Week 9: The U.S. Pivot and the Rise of China
*Hugh White, The China Choice: Why America Should Share Power (Victoria, Australia: Black, Inc., 2012), Chs. 1-5, 10.
Kenneth Lieberthal and Wang Jisi, Addressing U.S.-China Strategic Distrust (Washington D.C., Brookings Institution, March 2012).
Yan Xuetong, “The Instability of China-US Relations,” The Chinese Journal of International Politics, 3:3, Autumn 2010, pp. 263-292.
Adam P. Liff and G. John Ikenberry, “Racing toward Tragedy? China’s Rise, Military Competition in the Asia Pacific, and the Security Dilemma,” International Security, 39:2, Fall 2014, pp. 52-91.
Setting the Rules of the Game: Security & Economic Institutions
Week 10: Military Alliances
Philip Zelikow, “American Engagement in Asia” in Robert Blackwill and Paul Dibb (eds.), America’s Asian Alliances (MIT Press, 2000), pp. 19-30, plus any Chapter on an alliance of your choice.
Christopher Hemmer, and Peter J. Katzenstein. "Why is there no NATO in Asia? Collective identity, regionalism, and the origins of multilateralism." International Organization 56:3 (2002): 575-607.
Stephen Walt, Origins of Alliances (Cornell, 1987), Chap. 2, pp. 17-49.
Dipankar Banerjee, “An overview of Indo-US strategic cooperation: a rollercoaster of a relationship,” in Sumit Ganguly, et. al., U.S.-Indian Strategic Cooperation into the 21
Century (London: Routledge, 2006), pp. 61-81.
Week 11: Free Market Capitalism and Public Goods
Christopher Layne, The Peace of Illusions: American Grand Strategy from 1940 to the Present (Ithaca: Cornell University Press, 2006), pp. 25-38.
Xinyuan Dai, “Who decides the rules of game in East Asia? The Trans-Pacific Partnership and the strategic use of international institutions,” International Relations of the Asia Pacific, 15:1, 2015, pp. 1-26.
John Ikenberry, Liberal Leviathan: The Origins, Crisis, and Transformation of the American World Order (Princeton: Princeton University Press, 2011), Ch. 5, pp. 159-219.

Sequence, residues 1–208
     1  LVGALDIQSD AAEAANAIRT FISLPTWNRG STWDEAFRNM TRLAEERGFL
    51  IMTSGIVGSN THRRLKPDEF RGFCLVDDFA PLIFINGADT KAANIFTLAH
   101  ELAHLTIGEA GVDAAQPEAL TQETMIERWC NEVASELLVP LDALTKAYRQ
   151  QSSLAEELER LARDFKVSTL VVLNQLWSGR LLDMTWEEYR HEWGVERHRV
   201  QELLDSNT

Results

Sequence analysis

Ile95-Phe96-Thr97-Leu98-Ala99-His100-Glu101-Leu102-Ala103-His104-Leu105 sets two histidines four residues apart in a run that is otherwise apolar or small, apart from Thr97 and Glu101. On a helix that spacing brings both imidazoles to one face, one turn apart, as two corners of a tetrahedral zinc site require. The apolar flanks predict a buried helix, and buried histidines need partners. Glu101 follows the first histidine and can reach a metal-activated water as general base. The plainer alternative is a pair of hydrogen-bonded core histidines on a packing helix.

Richard Maas, et. al. “Correspondence: The Profitability of Primacy,”
38:4 (Spring 2014), pp. 188–205
Week 12: The Sources of U.S. National Interests
Samuel P. Huntington, "The erosion of American national interests." Foreign Affairs (1997): 28-49.
Condoleezza Rice, "Promoting the national interest." Foreign Affairs. 79:1, (2000): 45-62.
Samuel P. Huntington, Who are we? The challenges to America's national identity (New York: Simon and Schuster, 2004), Chaps 2 and 10.
Kishore Mahbubani, The Great Convergence: Asia, the West, and the Logic of One World (New York: Public Affairs), Chap 5, pp. 145-194.
Week 13: Finale: Characterizing America
Chalmers Johnson, Blowback: the Costs and Consequences of American Empire (New York: Henry Holt, 2000), Ch. 1, pp. 3-33.
Andrew Hurrell, “Pax Americana or the empire of insecurity?” International Relations of the Asia Pacific, 5, 2005, pp. 153-176.
Yuen Foong Khong, “The American Tributary System,” CJIP, 6:1, 2013, pp. 1-47.
Workload Components : A-B-C-D-E
A: no. of lecture hours per week
B: no. of tutorial hours per week
C: no. of lab hours per week
D: no. of hours for projects, assignments, fieldwork etc per week
E: no. of hours for preparatory work by a student per week